The Music Theory Advantage
Rapid Skill Development with the Cycle of Thirds
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How to Practice
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THE FIRST THREE
It is time to summarize your
Below is a list of what you should know and be able to do
You MUST be
able to recite the Cycle of Thirds both forward and
quickly and as easily as you can count from 1 to 10. The
whole course depends on your mastery of Focal Point One.
You MUST know what type of
third (Major or minor) is the distance between any two
adjacent notes in the Cycle of Thirds. For example, you
should be able to quickly name what type of third is the
distance between A to C (minor 3rd), or G to
B (Major 3rd) and so on. Knowing what type of
third exists between each pair of adjacent notes in the
Cycle of Thirds is going to be powerfully useful for the
rest of the course. You must also be able to apply this
knowledge to notes that are sharp or flat. For example,
if A to C is a minor 3rd, then so A# to C#,
Ab to Cb, Abb to Cbb and A## to C## are also minor 3rds.
You must master this.
You MUST know how to find
any Major or minor 3rd above any note,
including when you start with notes that are sharp or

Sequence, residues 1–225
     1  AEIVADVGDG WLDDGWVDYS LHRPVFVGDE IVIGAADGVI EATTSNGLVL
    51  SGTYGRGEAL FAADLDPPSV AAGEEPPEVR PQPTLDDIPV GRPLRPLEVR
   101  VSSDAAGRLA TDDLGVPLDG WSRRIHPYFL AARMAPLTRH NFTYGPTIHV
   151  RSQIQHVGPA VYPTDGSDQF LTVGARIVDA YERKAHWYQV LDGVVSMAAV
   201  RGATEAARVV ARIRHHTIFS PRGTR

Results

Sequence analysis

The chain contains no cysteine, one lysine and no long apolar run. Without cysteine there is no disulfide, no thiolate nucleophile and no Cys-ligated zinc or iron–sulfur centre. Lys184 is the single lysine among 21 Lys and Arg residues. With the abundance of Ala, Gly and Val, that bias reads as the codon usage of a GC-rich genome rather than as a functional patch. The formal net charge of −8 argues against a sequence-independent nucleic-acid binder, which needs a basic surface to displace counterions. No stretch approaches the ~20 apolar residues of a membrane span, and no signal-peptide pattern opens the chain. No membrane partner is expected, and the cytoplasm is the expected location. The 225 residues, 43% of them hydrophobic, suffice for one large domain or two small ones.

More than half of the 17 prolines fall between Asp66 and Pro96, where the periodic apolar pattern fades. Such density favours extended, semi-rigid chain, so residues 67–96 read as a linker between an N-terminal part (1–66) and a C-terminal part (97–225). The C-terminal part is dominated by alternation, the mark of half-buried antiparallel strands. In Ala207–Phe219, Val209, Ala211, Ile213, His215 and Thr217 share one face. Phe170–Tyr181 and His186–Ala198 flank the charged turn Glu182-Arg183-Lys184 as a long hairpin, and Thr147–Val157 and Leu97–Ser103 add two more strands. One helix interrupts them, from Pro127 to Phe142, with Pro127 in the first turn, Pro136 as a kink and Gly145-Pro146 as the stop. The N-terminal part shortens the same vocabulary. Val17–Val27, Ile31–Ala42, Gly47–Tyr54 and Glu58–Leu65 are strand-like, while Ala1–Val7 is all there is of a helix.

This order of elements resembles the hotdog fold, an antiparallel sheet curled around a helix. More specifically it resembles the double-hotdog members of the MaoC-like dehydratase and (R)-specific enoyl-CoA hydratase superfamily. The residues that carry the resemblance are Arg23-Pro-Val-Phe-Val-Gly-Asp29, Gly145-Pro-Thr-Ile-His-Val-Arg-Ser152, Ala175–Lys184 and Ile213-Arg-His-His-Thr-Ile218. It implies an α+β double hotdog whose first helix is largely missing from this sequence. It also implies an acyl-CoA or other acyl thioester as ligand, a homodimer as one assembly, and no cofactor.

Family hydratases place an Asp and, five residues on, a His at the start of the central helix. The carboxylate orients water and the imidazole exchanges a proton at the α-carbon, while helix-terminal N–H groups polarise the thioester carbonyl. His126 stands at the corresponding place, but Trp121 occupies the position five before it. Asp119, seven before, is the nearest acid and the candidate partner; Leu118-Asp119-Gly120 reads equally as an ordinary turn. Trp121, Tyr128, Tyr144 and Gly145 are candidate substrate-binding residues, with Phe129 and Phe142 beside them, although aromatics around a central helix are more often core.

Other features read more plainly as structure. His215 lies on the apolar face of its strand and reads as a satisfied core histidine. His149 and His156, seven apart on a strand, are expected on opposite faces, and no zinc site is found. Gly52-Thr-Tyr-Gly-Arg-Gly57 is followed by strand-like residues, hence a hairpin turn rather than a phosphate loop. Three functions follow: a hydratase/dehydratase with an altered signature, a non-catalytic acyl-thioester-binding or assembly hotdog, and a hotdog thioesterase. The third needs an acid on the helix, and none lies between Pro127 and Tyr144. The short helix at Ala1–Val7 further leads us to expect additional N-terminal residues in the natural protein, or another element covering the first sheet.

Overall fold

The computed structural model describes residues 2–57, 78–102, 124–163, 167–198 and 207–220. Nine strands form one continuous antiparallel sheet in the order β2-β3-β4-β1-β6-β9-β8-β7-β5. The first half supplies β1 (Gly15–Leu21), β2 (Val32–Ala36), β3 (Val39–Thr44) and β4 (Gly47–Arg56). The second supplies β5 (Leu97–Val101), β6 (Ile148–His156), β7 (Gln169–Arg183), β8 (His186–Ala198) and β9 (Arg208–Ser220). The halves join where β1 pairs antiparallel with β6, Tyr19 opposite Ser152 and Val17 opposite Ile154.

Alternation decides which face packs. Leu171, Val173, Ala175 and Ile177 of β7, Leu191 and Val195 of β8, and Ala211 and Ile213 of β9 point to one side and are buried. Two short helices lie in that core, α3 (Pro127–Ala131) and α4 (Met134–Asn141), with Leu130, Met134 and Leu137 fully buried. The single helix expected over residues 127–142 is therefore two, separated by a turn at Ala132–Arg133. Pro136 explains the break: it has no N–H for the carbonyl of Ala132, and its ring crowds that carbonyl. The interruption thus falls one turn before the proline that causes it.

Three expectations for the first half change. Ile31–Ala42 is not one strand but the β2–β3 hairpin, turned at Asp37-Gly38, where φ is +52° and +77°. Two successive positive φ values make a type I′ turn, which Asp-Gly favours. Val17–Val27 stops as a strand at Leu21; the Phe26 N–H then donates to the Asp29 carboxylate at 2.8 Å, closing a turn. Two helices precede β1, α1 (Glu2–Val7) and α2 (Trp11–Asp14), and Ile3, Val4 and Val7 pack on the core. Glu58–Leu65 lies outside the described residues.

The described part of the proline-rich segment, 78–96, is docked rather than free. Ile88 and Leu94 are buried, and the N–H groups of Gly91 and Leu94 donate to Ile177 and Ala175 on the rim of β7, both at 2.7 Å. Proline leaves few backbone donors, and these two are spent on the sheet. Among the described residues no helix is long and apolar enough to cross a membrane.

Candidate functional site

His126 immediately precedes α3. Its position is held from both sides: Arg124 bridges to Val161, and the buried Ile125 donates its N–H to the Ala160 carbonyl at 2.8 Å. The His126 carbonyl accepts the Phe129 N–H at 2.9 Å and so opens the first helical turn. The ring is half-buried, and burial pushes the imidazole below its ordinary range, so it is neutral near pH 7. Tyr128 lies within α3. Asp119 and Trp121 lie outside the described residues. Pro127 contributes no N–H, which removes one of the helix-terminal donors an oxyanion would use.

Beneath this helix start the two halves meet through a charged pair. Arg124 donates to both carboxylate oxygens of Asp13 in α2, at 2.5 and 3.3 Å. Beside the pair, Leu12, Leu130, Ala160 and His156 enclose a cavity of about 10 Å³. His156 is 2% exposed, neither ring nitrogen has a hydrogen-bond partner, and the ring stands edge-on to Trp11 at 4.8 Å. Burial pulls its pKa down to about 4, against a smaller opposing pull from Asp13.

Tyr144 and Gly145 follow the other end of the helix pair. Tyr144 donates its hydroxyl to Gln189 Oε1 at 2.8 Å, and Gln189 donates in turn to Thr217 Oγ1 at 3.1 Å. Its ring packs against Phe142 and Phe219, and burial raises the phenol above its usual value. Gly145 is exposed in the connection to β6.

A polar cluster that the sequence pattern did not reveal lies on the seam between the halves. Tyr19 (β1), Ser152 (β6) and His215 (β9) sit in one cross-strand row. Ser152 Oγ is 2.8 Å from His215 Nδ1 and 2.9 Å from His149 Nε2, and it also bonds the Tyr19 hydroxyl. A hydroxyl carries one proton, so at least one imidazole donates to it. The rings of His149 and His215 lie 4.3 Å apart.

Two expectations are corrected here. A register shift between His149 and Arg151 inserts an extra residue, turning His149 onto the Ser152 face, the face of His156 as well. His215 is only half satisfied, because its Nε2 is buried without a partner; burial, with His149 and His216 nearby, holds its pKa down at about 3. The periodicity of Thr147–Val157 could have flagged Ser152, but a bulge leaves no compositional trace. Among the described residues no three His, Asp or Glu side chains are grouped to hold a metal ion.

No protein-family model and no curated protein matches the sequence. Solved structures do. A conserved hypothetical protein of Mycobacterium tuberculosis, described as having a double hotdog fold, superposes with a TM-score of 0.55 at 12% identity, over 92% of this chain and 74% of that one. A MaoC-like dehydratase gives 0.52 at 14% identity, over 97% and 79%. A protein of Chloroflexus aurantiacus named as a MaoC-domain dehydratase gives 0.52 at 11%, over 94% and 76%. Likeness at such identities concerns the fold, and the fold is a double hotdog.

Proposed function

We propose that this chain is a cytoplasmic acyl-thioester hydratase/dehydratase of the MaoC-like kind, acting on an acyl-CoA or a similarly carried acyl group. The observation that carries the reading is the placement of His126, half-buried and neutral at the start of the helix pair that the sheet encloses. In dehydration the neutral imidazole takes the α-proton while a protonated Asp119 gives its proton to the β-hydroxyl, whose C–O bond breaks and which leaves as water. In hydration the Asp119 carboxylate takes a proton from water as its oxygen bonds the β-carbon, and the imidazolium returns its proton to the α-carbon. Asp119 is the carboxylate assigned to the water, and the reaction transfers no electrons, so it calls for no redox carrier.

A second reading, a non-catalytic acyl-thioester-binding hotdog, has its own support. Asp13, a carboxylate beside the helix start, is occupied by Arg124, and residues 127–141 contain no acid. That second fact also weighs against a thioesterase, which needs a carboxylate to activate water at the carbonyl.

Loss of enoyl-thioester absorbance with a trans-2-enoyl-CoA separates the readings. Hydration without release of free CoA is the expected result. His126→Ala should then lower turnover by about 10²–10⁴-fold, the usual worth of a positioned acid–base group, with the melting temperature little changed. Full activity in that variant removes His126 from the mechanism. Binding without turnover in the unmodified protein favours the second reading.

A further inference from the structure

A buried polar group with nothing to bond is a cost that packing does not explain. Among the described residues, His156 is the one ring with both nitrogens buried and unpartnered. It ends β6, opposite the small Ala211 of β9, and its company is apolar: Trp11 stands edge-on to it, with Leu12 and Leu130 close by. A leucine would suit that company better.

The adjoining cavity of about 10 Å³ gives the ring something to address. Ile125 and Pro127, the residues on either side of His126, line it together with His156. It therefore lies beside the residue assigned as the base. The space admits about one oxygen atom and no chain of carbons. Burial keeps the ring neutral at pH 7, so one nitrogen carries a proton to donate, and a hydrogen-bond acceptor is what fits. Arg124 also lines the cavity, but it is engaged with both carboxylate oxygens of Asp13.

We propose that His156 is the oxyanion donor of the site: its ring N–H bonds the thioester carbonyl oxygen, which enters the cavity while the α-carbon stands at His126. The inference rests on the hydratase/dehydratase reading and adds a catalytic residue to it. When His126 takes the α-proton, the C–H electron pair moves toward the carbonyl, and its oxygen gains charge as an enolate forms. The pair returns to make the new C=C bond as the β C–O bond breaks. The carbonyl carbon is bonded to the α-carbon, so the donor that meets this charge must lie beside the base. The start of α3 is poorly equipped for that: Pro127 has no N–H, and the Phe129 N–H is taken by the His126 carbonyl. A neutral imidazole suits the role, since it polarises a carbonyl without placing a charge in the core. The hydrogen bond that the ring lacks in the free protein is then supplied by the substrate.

flat, or start with notes that are double sharp or
double flat. It is not enough to just find them. You
must do it so well that it feels easy for you. This
means being an expert at converting Major 3rds
to minor 3rds and converting minor 3rds
to Major 3rds.
The best way to practice finding 3rds is to count out a
series of ascending 3rds above a given note. Pick a
random note and a major or minor 3rd. If you chose to
find a Major 3rd above A, that is C#.
A Major 3rd above C#
A Major 3rd above E#
a Major 3rd above G##
Keep adding a Major 3rd above until you run into a triple
sharp or flat. Then pick a new note and start over. Get to the point
that you can do it fast enough that it seems like counting. Use the
chart for intervals above a note in the appendix to check your
not proceed until you have mastered the first three Focal Points!
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Copyright © 2008-2011 Kenneth J. Maxwell Jr.